OK, deep breath for the title alone. Tomorrow I’ll Wake Up and Scald Myself with Tea (or Zítra vstanu a oparím se cajem in the original Czech) is also conceptually the sort of film that requires a super-oxygenation session before diving in.
It’s made in the 1970s but set in the 1990s, where time travel is a leisure activity that’s part of everyday life. Here, a bunch of aged Nazis who have been kept relatively youthful by the regular swallowing of anti-ageing pills plan to return to 1944, taking with them a hydrogen bomb that will allow Hitler to win the war.
To that concept another one. Of two twin brothers being mistaken for each other. The pilot who was going to do the transporting of the Nazis dies on the morning of the flight – he chokes on a croissant. With the womanising layabout Karel now out of the picture, his upright and decent twin Jan (both men are played by Petr Kostka) decides to take his place, possibly because he’s sick of his own life, possibly because Karel’s fiancée Eva (Zuzana Ondrouchová) is hot, possibly because he suspects deep down that Karel was a Nazi and is doing the right thing, who knows?
Handily, too handily really, it turns out that Jan was one of the designers of the time-travelling space ship Karel was about to captain and so he knows how to pilot it too. And before you can say “Sieg Heil” Jan is taking this cabal of onetime Nazis back into the past – plus a couple of American tourists accidentally included on the itinerary – where Hitler, Goebbels, Göring, Himmler and the gang should be plotting their next move in the fight against the USSR.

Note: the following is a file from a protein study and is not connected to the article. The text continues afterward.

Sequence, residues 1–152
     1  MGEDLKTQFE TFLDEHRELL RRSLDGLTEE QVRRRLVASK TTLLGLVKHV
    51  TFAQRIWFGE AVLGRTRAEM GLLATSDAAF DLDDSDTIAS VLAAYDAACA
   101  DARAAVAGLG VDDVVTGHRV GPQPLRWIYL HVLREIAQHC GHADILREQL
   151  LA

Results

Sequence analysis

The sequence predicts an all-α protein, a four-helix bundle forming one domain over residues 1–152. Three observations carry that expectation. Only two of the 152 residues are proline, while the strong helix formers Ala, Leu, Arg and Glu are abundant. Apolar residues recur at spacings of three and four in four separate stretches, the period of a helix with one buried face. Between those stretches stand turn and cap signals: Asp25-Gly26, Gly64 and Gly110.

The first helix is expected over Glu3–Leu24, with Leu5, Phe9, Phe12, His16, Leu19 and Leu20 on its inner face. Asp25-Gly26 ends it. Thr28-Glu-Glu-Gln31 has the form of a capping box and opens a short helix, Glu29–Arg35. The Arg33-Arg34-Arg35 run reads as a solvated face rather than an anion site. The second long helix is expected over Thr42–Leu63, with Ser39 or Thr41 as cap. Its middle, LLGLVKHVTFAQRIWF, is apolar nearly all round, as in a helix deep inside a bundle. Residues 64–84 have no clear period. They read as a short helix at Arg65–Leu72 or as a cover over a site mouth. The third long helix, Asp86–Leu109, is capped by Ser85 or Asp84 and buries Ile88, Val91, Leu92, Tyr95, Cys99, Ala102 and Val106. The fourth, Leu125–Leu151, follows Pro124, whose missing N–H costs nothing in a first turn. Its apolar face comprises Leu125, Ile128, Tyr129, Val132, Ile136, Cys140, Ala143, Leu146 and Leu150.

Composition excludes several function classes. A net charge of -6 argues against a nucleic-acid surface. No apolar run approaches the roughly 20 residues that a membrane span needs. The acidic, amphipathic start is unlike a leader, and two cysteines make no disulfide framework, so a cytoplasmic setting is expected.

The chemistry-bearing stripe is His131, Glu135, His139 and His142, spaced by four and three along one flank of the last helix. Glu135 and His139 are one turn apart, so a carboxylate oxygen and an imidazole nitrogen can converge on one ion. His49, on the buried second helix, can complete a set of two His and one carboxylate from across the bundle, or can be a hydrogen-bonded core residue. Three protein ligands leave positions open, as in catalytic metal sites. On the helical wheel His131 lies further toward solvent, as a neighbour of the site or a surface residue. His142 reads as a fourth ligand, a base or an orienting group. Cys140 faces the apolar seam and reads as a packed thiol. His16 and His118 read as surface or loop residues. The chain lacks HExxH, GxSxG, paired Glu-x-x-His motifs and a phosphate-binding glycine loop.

Except Jan hasn’t taken the guys back to 1944, when Germany stood on the brink of defeat, but to 1941, when the Nazis were at the gates of Moscow and victory seemed theirs for the taking. What does the arrival of a strange gaggle of guys bearing a mystery weapon say in these altogether different circumstances?
Knockabout comedy with time travel and Nazis is what Jindrich Polák’s movie offers and delivers. There are time-travel paradoxes and there is some playing about with known historical events, plus lots of fun incidental detail – like all the various “excursions” time-travelling tourists in the 1990s can book, to the Battle of Waterloo, the time of the dinosaurs, or walking in the footsteps of Julius Caesar.
Polák gets a long way on these high concepts and what looks like a modest budget. Careful location shooting in Prague in the “present” (the 1970s standing in for the 1990s) suggests, subtly, that Communism is no longer what it was – the world looks modern, prosperous – while the space/time-travel segments are mocked up with Thunderbirds-style special effects (models, slo-mo). Usefully, quite a lot of the action takes place in Hitler’s concrete bunker, where all that’s needed is a few uniforms and some actors who look passably like Nazi high command to make it all work. And indeed they do, with František Vicena a megalomaniac Hitler who’s relatively benign (compared to Bruno Ganz in Downfall, say), Horst Giese as Goebbels, Jan Sedlisky as Himmler and Karel Hábl particularly well cast as Göring, resplendently camp in a powder-blue field marshal’s uniform and baton.
Towards the end, as Jan returns to the present, then goes back to the past again, returning repeatedly to have yet another go at setting events in order, things become multiversal, as no one in 1977 would have said. Jan fixes stuff, in a way that’s politically satisfying if slightly queasy emotionally. Suddenly, as if from almost nowhere, Soviet Man – that selfless ever-improving individual arrives on the scene, or Jan is revealed as being its proud embodiment. It is strangely satisfying, a comic coda that’s unsettling in all the right ways, allowing Polák’s film to go out on a high that’s also a big question mark.
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© Steve Morrissey 2023